Brazilian and Argentine government officials are negotiating the deal to secure gas for the Uruguaiana plant after YPF suspended shipments of the fuel in 2008, Chief Executive Officer Britaldo Soares said in an interview today in Barueri, Brazil. The shuttered plant costs as much as $7 million a year to maintain, he said.
AES Brasil is seeking compensation from YPF at the International Chamber of Commerce arbitration tribunal for the suspension of the shipments, which occurred when the Argentine company was controlled by Spain’s Repsol SA. (REP) Supply was cut as Argentina faced gas rationing to fight shortages of the fuel. A ruling probably will be made by year-end, Soares said.
“There is a Brazilian interest to have Uruguaiana back,” Soares said. “It’s 640 megawatts not working today -- that’s 10 percent of what the country needs” to add annually in generating capacity to meet demand, he said.
Petrobras could supply the gas from fields in Argentina or by buying liquefied natural gas and processing it at an Argentine plant before sending it to Urugaiana, Soares said.
AES is making some investments now to prepare the plant to resume output of about 170 megawatts as soon as January, and it may reach full capacity in March, Soares said.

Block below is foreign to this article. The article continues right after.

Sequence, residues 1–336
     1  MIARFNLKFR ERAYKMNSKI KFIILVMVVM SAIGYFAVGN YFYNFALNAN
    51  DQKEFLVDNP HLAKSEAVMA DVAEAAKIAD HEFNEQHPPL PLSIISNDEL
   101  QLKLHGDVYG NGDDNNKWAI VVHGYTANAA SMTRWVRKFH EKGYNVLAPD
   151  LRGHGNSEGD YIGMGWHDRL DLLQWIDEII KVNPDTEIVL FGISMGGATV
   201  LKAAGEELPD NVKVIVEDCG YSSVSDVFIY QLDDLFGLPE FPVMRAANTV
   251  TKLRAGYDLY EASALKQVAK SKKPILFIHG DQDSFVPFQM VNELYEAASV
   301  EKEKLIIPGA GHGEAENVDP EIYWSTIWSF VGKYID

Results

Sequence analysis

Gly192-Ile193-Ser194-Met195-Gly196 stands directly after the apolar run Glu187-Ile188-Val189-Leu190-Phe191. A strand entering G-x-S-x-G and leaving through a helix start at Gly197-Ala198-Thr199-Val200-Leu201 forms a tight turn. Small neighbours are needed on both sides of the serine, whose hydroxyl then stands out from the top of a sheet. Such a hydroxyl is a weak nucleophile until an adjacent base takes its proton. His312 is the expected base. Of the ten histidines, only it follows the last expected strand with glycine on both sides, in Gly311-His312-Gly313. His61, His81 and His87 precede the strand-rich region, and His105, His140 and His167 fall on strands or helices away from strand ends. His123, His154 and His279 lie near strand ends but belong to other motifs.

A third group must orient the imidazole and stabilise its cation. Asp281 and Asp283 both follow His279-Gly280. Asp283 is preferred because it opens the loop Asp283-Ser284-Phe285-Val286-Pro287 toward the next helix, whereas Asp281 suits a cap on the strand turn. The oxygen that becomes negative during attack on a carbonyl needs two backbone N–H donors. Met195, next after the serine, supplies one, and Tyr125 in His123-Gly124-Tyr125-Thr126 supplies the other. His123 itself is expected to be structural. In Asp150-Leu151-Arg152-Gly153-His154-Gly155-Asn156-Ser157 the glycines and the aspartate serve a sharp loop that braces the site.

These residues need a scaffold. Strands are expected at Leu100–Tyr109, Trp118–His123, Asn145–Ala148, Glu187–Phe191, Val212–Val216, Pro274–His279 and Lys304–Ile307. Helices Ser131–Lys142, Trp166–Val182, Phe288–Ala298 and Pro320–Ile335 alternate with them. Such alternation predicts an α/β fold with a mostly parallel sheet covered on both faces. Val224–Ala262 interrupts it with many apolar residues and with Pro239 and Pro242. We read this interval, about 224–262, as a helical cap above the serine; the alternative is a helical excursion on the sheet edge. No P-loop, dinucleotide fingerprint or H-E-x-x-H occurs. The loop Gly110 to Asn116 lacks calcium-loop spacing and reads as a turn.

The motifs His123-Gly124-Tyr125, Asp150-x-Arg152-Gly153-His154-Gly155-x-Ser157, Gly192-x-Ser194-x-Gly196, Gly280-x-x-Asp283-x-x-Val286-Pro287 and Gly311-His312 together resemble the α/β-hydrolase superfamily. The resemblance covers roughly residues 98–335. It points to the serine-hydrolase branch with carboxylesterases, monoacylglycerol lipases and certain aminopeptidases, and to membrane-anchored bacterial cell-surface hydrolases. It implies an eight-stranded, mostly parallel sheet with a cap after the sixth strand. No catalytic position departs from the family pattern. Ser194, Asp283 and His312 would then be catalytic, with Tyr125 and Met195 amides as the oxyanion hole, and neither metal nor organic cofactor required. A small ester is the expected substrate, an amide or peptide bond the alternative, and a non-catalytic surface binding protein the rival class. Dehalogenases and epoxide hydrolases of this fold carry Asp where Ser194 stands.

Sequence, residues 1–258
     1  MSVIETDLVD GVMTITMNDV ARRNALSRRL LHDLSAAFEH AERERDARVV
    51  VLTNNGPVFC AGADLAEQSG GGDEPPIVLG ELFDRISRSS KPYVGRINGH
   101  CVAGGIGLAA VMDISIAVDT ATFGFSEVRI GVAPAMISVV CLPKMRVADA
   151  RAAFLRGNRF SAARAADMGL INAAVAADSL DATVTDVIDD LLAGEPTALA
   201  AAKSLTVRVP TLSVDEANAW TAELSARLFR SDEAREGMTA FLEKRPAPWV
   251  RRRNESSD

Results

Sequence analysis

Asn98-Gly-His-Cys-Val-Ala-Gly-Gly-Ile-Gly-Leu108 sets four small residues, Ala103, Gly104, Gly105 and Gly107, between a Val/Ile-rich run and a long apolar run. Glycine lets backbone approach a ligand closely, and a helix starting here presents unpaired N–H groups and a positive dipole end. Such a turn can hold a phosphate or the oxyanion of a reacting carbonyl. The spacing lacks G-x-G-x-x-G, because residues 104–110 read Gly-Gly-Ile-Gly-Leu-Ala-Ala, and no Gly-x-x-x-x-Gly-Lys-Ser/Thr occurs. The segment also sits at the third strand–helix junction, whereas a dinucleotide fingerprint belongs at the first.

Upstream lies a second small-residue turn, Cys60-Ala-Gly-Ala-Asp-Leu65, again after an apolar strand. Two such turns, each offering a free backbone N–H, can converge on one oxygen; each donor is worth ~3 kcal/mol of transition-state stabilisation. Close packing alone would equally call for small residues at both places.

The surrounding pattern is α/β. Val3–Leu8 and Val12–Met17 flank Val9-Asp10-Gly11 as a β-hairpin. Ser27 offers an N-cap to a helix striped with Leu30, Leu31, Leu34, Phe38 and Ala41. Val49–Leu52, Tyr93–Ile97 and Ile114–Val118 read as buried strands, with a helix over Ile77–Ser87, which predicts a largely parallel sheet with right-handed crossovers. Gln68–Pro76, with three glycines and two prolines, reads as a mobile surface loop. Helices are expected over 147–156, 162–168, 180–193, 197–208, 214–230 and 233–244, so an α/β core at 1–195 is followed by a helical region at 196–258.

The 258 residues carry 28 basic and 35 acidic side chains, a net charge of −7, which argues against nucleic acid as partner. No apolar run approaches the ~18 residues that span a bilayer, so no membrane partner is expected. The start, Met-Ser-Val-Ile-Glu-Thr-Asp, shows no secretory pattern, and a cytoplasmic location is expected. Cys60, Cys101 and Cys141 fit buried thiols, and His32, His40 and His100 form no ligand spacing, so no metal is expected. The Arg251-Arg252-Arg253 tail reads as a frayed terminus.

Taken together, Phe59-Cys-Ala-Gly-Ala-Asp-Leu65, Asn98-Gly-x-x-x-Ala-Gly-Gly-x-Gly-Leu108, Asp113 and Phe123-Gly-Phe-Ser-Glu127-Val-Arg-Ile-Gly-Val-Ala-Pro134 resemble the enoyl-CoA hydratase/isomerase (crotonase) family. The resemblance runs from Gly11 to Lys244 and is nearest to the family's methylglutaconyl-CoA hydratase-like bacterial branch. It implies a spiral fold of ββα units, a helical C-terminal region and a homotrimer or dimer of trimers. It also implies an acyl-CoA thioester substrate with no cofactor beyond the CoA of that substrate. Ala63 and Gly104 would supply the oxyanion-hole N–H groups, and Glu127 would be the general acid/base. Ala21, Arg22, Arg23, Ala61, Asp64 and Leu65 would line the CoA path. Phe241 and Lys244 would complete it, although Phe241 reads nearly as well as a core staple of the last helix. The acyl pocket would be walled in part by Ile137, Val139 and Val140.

The press office from Brazil’s Energy Ministry couldn’t immediately comment, an official said by phone. Jessica Rey, a spokeswoman for the head of the Argentina Energy Commission, declined to comment. Petrobras Argentina’s press office in Buenos Aires didn’t respond to e-mailed requests for comment.
Petrobras Argentina gained 1 percent to 2.92 pesos at 2:11 p.m. in Buenos Aires today after sliding as much as 0.7 percent.
A deal to restart Uruguaiana would occur as AES tries to make its Brazilian operations more efficient amid tighter government control on the electricity industry as President Dilma Rousseff seeks to drive down power prices, Soares said.
AES’s Brazilian distribution unit, Eletropaulo Metropolitana Eletricidade de Sao Paulo SA, is seeking to sell 250 million reais worth of real estate, he said. Eletropaulo will reach an accord “soon” for about two-thirds of that amount, Gustavo Pimenta, vice president of services, said today at the same interview at the company’s headquarters.
Eletropaulo’s shares have dropped 63 percent this year, making it the fourth-worst performer in the 818-member MSCI Emerging Markets index, after Brazil’s power regulator Aneel in July said the company needs to reduce rates by 9.3 percent.
The distributor has appealed Aneel’s decision, arguing the regulator didn’t take into consideration 500 million reais in investments made between 2007 and 2011, Soares said.
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